This is the last frontier separating us from the next generation Androids. A team from Tufts University managed to create a brain tissue that survived for weeks. The artificial brain tissue is made out of rat neurons and can survive damages similarly to a natural brain.
That is highly important, as even mild injuries have lasting effects on the brain.
Scientists formed the artificial brain tissue by using spongy silk protein and a gel based on collagen. Afterward they inserted neurons from rats.
“The stiffness of the silk biomaterial could be tuned to accommodate the cortical neurons and the different types of gels, maintaining both stability in culture and brain-like tissue elasticity,” said the paper’s first author, Min D. Tang-Schomer, Ph.D., post-doctoral scholar in biomedical engineering at Tufts. “The tissue maintained viability for at least nine weeks—significantly longer than cultures made of collagen or hydrogel alone—and also offered structural support for network connectivity that is crucial for brain activity.”
The artificial brain tissue will help scientists establish how the brain reacts to trauma and diseases
The scientists were interested in finding out how the brain tissue responds to trauma. A weight has been dropped on the artificial brain tissue, as researchers intend to discover new treatments for traumatic brain injuries. As a consequence, the tissue released as expected a high level of glutamate. This neurotransmitter is released after trauma by in vivo organisms. Moreover, the tissue presented electrical hyperactivity similar to the live brain.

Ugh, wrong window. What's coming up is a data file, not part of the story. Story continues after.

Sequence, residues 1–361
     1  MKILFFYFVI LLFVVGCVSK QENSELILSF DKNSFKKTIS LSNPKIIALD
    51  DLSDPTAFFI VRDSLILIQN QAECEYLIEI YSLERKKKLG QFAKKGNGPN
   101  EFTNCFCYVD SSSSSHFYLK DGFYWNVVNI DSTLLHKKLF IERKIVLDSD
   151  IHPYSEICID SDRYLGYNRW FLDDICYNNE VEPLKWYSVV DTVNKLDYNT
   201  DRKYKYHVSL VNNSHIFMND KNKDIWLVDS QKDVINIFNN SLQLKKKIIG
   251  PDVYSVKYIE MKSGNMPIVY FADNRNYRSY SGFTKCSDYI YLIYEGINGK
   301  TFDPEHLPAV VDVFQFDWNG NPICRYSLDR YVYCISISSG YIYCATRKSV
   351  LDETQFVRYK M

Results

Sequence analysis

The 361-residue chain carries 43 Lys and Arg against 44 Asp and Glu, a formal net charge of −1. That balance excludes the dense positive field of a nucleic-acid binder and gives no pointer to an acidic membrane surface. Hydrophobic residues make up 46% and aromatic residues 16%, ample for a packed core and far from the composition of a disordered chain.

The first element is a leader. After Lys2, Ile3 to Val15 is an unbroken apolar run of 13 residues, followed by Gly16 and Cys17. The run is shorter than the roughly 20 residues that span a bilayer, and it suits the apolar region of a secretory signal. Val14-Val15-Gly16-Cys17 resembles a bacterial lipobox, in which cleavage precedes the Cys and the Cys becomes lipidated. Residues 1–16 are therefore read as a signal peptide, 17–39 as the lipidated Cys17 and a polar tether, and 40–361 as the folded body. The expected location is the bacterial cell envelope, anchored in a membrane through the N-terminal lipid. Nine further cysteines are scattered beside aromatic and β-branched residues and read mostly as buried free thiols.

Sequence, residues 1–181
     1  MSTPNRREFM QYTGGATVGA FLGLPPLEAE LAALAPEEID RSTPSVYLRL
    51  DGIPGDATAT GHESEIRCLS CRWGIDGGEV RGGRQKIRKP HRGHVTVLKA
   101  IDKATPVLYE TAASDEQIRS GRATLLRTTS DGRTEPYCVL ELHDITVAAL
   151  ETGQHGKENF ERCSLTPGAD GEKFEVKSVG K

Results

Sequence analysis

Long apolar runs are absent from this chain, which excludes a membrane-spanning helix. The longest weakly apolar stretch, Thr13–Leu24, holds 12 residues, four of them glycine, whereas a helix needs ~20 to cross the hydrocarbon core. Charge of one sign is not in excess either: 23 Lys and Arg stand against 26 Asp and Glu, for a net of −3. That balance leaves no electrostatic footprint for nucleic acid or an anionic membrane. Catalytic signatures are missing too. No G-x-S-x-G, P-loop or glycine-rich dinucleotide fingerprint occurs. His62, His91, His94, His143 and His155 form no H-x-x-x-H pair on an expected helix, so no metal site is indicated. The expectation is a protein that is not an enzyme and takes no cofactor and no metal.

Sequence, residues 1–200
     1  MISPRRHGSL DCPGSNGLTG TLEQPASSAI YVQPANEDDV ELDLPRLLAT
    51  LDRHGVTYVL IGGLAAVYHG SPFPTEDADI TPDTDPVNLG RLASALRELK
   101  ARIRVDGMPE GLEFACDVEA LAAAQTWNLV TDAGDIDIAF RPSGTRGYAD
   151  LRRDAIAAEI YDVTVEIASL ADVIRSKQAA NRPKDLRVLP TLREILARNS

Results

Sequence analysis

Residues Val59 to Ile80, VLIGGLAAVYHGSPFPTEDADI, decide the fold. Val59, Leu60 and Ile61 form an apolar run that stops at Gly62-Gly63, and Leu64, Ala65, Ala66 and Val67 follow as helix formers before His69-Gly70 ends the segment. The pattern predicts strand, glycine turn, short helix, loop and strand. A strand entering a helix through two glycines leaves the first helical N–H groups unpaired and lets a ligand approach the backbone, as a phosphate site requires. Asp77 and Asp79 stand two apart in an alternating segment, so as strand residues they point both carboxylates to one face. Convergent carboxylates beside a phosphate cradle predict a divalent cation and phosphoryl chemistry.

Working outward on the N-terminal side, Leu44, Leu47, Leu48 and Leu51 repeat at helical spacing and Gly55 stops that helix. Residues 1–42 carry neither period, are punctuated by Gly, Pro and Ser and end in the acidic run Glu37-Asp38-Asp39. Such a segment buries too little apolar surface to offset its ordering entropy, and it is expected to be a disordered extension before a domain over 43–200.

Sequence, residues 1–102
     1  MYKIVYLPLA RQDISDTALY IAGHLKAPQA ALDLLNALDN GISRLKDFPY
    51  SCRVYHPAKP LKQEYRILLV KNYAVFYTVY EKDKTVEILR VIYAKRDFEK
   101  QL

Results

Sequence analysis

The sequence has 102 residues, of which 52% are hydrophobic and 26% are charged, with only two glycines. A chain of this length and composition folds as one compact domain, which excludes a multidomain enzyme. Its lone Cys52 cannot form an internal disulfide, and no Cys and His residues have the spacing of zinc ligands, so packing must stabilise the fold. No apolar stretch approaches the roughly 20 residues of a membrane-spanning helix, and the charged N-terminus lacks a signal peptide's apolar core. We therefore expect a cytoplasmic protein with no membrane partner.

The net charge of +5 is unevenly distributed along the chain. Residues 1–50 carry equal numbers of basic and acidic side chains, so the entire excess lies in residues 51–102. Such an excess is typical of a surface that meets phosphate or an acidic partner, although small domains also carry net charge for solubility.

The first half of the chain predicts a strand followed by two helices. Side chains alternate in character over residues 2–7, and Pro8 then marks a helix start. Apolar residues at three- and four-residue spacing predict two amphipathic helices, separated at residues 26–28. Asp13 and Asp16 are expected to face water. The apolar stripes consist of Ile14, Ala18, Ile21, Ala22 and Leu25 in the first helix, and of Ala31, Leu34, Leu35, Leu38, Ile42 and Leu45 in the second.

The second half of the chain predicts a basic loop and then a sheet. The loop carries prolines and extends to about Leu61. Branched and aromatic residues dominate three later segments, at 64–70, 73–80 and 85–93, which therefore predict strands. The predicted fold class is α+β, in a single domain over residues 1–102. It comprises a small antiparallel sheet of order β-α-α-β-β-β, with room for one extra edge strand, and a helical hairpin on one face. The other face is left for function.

This is the first time scientists managed to replicate brain tissue. They plan to further develop the model, as it will be very useful in studying various diseases and brain traumas. So far, such studies have been performed on animals or brain slices, but none have of them have the potential to provide the same results as the artificial brain tissue.
With the doughnut shaped brain-tissue, researchers managed to replicate the white matter – grey matter interaction, which has never been realized before.
The next step will be to create an artificial brain tissue that will survive for up to six months and introduce human neurons. To that, they plan on adding a vascular system which will allow them to study how drugs interact when they move from blood to brain, the New York Times adds.
The results of the research were published in the August 11 Early Edition of the Proceedings of the National Academy of Sciences.